the effect of the errors on the remaining findings, a court making the prejudice
inquiry must ask if the defendant has met the burden of showing that the decision
reached would reasonably likely have been different absent the errors.
Strickland, 466 U.S. at 695-696.
In essence, by referring to the weight of the evidence presented by the prosecution to
demonstrate Petitioner’s knowledge of Benson’s intent, and finding that even a more thorough cross
examination of Kandler would not have altered the outcome of the trial, the trial court conducted
the type of prejudice inquiry directed by Strickland. The conclusion that Petitioner was not
prejudiced was based on the state court’s reasoned assessment of the strength of the case the
prosecution presented against Petitioner. As discussed above, the prosecutor was required to prove,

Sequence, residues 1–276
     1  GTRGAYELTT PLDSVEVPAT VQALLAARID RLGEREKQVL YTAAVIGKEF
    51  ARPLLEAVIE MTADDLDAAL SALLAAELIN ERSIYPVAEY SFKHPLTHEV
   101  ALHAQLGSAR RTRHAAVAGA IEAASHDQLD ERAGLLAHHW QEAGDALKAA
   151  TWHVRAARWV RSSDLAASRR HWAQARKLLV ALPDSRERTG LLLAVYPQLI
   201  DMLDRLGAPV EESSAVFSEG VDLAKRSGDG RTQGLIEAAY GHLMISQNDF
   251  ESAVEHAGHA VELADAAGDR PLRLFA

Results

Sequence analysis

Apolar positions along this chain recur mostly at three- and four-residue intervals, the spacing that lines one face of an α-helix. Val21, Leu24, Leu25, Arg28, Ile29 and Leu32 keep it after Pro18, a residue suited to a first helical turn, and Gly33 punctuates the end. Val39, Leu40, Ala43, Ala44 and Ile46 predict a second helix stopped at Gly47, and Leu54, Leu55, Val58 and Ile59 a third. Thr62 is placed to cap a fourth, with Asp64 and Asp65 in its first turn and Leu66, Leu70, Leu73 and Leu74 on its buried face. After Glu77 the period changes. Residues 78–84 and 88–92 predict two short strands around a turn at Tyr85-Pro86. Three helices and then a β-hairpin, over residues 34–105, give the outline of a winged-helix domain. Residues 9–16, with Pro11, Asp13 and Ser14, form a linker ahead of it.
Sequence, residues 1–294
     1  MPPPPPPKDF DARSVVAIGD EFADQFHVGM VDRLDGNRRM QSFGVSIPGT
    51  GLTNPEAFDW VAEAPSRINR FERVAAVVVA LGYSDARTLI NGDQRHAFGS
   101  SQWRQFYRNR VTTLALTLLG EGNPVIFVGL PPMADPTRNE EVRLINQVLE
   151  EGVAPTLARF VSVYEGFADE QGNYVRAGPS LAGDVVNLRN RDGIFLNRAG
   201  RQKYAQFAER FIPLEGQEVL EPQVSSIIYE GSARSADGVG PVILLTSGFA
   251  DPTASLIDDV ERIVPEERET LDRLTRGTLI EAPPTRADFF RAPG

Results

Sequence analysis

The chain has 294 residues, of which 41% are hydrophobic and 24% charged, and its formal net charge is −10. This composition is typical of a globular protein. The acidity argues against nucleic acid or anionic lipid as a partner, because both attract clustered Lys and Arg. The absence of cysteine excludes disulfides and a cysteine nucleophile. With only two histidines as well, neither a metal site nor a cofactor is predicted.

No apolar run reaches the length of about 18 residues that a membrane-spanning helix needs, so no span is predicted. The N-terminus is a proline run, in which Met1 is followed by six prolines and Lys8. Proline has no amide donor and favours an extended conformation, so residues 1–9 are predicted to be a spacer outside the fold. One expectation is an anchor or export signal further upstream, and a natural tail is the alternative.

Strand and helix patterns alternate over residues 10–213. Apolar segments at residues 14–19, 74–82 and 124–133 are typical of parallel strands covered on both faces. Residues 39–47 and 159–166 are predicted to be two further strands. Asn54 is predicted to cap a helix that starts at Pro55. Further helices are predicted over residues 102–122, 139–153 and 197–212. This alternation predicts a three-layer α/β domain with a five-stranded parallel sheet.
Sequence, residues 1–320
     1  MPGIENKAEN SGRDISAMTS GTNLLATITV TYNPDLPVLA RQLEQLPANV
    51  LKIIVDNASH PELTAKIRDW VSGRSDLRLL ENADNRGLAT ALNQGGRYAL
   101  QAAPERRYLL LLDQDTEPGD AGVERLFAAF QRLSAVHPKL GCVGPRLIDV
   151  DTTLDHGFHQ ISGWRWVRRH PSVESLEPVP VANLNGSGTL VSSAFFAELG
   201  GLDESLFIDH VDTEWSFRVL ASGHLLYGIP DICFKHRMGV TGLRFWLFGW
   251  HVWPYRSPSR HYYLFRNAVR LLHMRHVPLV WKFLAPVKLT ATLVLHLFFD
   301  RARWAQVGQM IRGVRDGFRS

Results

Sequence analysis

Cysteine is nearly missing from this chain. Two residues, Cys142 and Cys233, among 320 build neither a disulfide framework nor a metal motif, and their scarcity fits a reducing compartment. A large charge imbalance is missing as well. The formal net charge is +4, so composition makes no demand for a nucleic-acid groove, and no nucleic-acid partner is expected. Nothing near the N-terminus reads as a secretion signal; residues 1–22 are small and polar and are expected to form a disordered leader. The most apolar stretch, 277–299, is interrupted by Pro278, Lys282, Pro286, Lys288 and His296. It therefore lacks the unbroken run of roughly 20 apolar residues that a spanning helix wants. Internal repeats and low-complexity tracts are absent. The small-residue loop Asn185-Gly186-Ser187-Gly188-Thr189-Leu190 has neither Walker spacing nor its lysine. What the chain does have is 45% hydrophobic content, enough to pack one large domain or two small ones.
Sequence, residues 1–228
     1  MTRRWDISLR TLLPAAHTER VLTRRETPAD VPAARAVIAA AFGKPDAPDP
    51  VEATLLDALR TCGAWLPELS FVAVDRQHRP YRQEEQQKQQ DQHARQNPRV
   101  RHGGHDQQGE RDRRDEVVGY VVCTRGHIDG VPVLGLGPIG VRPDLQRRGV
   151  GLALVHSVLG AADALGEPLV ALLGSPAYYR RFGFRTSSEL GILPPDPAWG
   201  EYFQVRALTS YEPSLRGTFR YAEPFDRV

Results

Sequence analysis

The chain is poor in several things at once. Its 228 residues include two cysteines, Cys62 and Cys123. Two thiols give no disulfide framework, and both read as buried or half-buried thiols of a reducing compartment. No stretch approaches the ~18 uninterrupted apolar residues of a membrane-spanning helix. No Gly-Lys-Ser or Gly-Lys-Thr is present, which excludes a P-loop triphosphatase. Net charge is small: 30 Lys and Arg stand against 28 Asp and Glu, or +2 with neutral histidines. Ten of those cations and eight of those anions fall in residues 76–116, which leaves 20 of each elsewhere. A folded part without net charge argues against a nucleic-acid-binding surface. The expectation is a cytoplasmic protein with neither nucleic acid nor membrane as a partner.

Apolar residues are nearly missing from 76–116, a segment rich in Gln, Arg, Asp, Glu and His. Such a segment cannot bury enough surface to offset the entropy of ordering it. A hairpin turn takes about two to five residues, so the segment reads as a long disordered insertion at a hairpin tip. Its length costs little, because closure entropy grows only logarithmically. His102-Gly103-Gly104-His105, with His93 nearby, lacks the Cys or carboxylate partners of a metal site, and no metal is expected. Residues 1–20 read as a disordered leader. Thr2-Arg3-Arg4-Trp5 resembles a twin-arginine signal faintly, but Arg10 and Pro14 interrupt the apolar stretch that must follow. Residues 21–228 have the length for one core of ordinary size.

among other elements, that Petitioner knew Benson intended to commit the crime. A reasonable
argument can be made that substantial evidence was presented at trial to satisfy that element
notwithstanding Kandler’s testimony. Michael Larvaidan testified that Benson showed him a gun
and talked about killing the victim. Petitioner was present when Benson started making threats about
killing the victim, and Petitioner was aware of Benson’s possession of the firearm when he made
the threats. Larvaidan testified that Benson talked openly during the car ride to the victim’s
neighborhood about shooting her, and Petitioner nevertheless continued to direct Benson to the
victim’s trailer. While Larvaidan attempted to talk Benson out of killing the victim during the ride,
Petitioner remained silent except to give Benson directions to the victim’s trailer.